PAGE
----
4.8. MultiCheck graphs

Presenting the results from multiple checks in a single graph can provide insights into how different checks interact or simply provide a more detailed view of the current status on a monitored device or system. MultiChecks provide a way of configuring a view of multiple existing checks in a single graph.

You can add a MultiCheck anywhere where you can have checks; under NetChecks, AgentChecks or SnmpChecks. Simply go to Configure under a node, and select Add MultiCheck.

In the example image here, we can see that there already is a multicheck named "Temperatures" right above the Add MultiCheck option.

After clicking the Add MultiCheck button, a name for the MultiCheck must be specified. Pick any short and descriptive name that would fit the MultiCheck you wish to create. In this example, we name it Load response, because we wish to display the response time of the server against the load of the server, to see if the response time is affected noticeably by the load of the server.

Once the empty MultiCheck has been named, it is now possible to add either single series or sums of a set of series to the MultiCheck.

In order to create a MultiCheck with the load of the server and the response time of the server, we simply click Add curve representing a single check once to add the load and once to add the IMAP check. For each check or "series" that is added, one must choose a descriptive name for this series. The name defaults to the check name of the series, but it many cases it can be desirable to insert a shorter name instead.

One can add any number of checks to a MultiCheck. However, it is rarely practical to add more than 4-8 checks, because the resulting graphs become increasingly difficult to interpret. Another thing one should consider, is the unit of the included checks. The graph routines in SysOrb will add more axes to the graph to accommodate one unit per axis. If one adds many checks with different units, the graph will become much more difficult to read for most users, as graphs with more than two or three axes are not commonly used elsewhere.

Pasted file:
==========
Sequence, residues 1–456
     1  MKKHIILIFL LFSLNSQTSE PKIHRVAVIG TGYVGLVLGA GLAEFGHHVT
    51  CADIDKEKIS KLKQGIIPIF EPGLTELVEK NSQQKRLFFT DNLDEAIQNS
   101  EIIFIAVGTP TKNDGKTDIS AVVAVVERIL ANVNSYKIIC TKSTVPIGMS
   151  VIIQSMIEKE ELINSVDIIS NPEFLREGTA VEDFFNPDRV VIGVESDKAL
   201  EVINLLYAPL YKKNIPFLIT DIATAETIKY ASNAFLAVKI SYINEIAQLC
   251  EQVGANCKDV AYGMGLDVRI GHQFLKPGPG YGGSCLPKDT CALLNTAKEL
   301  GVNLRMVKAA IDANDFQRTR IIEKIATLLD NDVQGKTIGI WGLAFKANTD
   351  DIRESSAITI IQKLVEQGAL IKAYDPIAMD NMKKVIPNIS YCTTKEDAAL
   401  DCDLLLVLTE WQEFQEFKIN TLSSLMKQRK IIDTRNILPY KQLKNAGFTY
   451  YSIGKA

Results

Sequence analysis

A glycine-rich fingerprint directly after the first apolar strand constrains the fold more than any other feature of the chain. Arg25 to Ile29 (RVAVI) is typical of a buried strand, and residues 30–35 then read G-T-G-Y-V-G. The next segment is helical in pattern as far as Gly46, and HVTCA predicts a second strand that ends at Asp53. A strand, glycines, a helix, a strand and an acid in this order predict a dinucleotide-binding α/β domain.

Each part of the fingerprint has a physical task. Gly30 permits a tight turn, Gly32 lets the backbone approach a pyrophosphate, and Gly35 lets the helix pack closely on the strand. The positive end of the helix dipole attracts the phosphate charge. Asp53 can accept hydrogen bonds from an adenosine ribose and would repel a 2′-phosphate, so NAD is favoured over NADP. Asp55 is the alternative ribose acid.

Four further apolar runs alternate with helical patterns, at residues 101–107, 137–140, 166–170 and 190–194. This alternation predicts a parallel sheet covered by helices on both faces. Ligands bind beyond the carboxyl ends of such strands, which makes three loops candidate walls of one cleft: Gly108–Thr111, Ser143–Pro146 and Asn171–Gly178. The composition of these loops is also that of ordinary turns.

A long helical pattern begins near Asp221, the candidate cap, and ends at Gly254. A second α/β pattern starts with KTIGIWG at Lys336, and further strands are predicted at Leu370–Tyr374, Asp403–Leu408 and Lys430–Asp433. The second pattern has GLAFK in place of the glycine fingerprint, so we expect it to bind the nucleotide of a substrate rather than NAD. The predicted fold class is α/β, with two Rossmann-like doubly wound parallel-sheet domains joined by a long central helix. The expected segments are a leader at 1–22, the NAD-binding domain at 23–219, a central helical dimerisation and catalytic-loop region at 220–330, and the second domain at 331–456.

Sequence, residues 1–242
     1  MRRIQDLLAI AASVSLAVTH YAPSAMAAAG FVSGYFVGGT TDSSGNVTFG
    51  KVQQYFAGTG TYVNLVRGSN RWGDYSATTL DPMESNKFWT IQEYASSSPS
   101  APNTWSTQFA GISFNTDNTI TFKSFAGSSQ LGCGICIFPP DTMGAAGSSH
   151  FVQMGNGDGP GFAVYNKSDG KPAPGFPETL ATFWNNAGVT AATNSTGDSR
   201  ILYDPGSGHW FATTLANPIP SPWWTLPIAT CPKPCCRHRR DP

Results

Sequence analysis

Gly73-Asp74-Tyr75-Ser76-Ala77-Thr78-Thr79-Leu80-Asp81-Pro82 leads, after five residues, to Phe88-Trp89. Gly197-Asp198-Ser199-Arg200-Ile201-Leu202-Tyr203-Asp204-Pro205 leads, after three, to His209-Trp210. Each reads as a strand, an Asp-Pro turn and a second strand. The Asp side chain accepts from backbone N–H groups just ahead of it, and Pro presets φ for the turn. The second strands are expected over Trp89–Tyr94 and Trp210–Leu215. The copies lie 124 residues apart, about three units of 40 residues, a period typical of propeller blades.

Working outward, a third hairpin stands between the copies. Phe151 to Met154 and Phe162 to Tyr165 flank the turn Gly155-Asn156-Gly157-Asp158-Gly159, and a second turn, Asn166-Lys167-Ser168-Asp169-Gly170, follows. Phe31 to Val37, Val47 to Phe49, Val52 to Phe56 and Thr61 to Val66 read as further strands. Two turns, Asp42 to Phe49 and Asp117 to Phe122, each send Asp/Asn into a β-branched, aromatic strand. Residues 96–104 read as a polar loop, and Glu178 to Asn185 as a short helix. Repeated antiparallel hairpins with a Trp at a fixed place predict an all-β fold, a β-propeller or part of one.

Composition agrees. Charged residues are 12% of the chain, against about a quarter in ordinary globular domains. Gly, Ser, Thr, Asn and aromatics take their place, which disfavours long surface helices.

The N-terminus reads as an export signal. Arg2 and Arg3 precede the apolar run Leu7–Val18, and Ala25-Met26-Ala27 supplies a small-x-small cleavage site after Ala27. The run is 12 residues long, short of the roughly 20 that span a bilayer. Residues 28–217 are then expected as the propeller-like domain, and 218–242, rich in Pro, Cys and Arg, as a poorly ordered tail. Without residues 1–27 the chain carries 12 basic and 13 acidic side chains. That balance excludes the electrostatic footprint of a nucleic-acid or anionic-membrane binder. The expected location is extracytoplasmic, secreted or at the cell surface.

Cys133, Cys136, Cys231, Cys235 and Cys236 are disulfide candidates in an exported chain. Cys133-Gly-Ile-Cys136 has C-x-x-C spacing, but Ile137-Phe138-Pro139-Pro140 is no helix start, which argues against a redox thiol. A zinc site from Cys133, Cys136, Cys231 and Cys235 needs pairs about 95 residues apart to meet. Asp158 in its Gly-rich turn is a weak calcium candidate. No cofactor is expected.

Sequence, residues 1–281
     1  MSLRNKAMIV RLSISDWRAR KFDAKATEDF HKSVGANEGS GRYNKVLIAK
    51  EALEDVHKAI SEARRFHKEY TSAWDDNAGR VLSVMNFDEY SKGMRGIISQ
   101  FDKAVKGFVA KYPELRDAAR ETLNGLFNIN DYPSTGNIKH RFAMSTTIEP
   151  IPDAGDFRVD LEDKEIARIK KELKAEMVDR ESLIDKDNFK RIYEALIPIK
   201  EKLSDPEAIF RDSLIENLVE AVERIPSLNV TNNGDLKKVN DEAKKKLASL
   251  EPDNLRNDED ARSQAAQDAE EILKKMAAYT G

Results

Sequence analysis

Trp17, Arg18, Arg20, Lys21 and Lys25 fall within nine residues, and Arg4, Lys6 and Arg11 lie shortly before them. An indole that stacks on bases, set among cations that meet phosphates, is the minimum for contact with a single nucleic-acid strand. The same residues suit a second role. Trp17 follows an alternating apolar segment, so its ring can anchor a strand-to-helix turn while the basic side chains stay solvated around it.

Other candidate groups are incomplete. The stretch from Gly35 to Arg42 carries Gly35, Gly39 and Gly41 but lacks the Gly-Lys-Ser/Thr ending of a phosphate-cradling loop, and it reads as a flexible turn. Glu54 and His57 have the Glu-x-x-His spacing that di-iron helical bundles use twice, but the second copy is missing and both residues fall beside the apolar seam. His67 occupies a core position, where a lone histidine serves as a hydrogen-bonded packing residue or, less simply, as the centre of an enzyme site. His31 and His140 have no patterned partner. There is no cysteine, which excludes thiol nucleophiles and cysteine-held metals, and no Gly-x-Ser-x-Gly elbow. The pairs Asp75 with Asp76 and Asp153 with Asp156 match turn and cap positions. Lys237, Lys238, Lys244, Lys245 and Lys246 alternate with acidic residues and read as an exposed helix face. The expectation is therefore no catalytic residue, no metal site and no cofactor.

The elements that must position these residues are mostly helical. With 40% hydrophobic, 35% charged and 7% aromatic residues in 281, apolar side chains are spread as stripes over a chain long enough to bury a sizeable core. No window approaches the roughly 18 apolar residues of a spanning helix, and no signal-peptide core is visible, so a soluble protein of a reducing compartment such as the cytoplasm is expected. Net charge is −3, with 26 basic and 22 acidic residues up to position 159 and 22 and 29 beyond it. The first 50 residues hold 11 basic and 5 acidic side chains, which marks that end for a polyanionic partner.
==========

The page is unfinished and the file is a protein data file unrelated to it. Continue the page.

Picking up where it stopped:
Once the series we want in the MultiCheck have been added, the check configuration should look something like the image below.

In the example, we have added two existing checks to the MultiCheck; the IMAP response time (a NetCheck) and the UN*X load average (an AgentCheck).

Clicking Overview to the left will take us from Configure mode to Overview mode, and will show us the MultiCheck. Take a look at the example image below, and read on for the explanation of the graph.

The blue box left of IMAP response tells us that this series is associated with the left-side axis. Correspondingly, the blue box to the right of the Load line tells us that the load average series is associated with the right-side axis.

Looking at the right-side and left-side axes, it is also clear why the two checks are associated with each their axis. The left-side axis (response time) represents 0 to 40 ms, while the right-side axis (load) represents a (unit-less) load average from 0 to 1.

The above begs the question; what happens with the axes as we add more series? In that case, SysOrb attempts to do the most sensible thing; it will collect all series which use identical units on the same axis. And it will add axes as needed, to accommodate every unit used. The end result will be a graph with as few axes as possible. In the example below, we have added SMTP response (which is measured in ms just like the IMAP response), and processor temperature (which is measured in Degrees Celsius, which will be the 3rd unit we add to the graph).

On the above graph, we can see (from the blue box left of the first line) that the CPU Temperature is displayed on the left axis. The second and third lines (IMAP and SMTP response times) both have their boxes over the first of the right-side axes, thus telling us that since they are both measured in ms, their values can be read out on that 0 to 100 ms axis. The fourth series, the load, is shown on the right-most axis, as is evident by the blue box to the right of the fourth line, above the right-most series.